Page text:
The astonishing capability of generative AI to create visual images is getting better and more accessible, but with their models based on massive libraries of existing art, artists are frantically looking for ways to prevent their work from being harvested without their permission. A new tool, ominously named Nightshade, could be the answer.

The trick involves using optimized, prompt-specific “data poisoning attacks” that corrupt the data needed to train AI models when it’s fed into an image generator. Combatting intellectual property theft and AI deepfakes has become crucial since generative AI models came into the mainstream this year. In July, a team of researchers at MIT similarly suggested injecting small bits of code that would cause the image to distort, rendering it unusable.

As Zhao explained, Nightshade gets around the problem of an AI model’s large datasets by targeting the prompt—for example, requests to create an image of a dragon, dog, or horse. “Attacking the whole model makes no sense,” Zhao said. “What you do want to attack is individual prompts, debilitating the model and disabling it from generating art.” To avoid detection, the research team explained, the text and image within the poisoned data must be crafted to appear natural and crafted to deceive both automated alignment detectors and human inspectors to achieve the intended effect.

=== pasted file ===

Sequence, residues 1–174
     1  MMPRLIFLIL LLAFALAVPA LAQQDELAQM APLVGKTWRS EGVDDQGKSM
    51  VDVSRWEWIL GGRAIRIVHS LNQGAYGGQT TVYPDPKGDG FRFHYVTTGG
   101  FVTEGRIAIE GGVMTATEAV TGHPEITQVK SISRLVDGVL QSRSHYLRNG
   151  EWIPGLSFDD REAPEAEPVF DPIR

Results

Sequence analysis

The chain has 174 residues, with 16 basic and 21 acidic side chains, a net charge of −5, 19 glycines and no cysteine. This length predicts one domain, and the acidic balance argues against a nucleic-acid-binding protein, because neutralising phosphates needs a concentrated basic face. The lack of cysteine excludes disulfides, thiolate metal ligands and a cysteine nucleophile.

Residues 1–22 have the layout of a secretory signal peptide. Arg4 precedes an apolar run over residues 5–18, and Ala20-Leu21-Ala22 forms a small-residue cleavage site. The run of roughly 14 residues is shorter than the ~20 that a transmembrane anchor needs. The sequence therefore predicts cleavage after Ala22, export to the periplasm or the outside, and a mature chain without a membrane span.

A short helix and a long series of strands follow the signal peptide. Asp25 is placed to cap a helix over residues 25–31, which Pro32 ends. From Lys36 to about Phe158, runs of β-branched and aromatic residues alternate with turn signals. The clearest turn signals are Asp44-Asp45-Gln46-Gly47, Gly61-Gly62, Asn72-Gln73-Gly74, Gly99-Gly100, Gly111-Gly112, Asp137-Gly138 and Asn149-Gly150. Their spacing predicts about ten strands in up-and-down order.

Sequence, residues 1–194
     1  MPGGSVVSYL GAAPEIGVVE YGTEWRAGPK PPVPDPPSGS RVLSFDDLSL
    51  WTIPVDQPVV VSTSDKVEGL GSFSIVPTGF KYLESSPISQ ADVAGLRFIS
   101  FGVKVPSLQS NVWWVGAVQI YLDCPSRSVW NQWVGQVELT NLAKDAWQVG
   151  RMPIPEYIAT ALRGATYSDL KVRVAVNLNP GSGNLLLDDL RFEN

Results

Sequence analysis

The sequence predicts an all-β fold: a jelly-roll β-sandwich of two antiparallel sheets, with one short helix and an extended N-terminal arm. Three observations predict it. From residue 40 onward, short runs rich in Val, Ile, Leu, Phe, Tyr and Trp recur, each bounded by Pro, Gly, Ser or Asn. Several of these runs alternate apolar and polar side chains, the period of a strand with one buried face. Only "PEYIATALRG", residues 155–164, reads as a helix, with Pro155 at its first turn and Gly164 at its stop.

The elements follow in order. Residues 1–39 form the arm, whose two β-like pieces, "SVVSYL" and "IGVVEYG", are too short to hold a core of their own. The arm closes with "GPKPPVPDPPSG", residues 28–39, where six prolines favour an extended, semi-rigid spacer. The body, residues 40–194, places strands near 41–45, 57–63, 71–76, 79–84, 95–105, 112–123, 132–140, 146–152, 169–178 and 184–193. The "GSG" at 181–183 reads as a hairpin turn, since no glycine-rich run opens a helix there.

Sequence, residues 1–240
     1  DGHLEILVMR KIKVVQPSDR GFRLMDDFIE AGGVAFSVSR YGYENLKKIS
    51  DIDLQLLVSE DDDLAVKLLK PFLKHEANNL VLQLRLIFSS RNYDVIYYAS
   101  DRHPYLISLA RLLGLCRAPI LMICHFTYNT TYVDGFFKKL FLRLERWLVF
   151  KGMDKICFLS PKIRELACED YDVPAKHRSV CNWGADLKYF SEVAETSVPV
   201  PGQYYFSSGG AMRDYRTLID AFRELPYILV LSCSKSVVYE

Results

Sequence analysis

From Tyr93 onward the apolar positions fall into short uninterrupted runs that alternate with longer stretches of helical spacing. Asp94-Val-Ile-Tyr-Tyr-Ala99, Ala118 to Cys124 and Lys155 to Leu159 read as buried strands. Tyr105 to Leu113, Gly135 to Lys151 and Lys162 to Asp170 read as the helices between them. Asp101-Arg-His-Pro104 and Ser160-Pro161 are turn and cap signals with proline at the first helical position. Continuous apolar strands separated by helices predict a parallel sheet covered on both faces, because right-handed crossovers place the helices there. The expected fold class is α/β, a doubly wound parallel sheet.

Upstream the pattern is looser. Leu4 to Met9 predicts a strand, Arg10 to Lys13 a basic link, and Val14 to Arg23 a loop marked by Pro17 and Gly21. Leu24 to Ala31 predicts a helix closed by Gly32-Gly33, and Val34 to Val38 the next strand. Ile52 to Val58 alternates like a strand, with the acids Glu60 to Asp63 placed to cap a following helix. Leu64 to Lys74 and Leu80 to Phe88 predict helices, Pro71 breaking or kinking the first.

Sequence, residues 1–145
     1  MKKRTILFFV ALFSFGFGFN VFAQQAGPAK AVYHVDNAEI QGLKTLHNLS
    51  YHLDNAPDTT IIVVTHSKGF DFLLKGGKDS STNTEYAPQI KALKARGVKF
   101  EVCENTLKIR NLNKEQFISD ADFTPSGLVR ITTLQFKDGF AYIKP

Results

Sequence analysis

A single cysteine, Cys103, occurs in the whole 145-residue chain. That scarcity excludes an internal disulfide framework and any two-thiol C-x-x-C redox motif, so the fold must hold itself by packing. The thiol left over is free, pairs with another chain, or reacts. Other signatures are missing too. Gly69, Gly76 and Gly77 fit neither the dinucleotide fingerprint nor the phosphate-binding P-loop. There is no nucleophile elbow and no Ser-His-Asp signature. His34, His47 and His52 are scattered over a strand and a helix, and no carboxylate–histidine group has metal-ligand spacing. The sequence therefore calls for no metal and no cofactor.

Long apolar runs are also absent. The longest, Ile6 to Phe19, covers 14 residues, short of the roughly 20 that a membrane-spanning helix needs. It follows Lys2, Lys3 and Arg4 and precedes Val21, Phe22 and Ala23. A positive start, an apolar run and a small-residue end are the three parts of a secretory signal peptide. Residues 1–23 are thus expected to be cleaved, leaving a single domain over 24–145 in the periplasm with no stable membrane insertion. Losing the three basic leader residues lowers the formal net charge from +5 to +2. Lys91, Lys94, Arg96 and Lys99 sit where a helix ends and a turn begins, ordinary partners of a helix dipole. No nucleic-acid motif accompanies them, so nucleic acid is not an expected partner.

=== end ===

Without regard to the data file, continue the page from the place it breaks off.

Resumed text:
Even without any coordination, artists could begin implementing these poison pills en masse, and it could cause the AI model to collapse. “Once enough attacks become active on the same model, the model becomes worthless,” Zhao said. “By worthless, I mean, you give it things like ‘give me a painting,’ and it comes out with what looks like a kaleidoscope of pixels. The model is effectively dumbed down to the version of something akin to a random pixel generator.”

Zhao said Nightshade does not require any action be taken against the AI image generator itself but takes effect when the AI model attempts to consume the data that Nightshade has been included in. “It does nothing to them unless they take those images and put them into the training data,” he said, calling it less of an attack and more like self-defense or a barbed wire fence with poison tips aimed at AI developers who do not respect opt-out requests and do-not-scrape directives.

Generative AI refers to AI models that use prompts to generate text, images, music, or videos. Google, Amazon, Microsoft, and Meta have all invested heavily in bringing generative AI tools to consumers.

This is good news for artists who want to protect their work and intellectual property from being harvested without permission. Artists can now use Nightshade, a “data poisoning attack” to corrupt the data needed to train AI models when it’s fed into an image generator. This will make it much harder for AI models to generate art without the artist’s permission. #AI #GenerativeAI #DataProtection #IntellectualProperty

You can read more about this topic here: Decrypt: Artists Could Use a Poison Pill to Combat AI Exploitation

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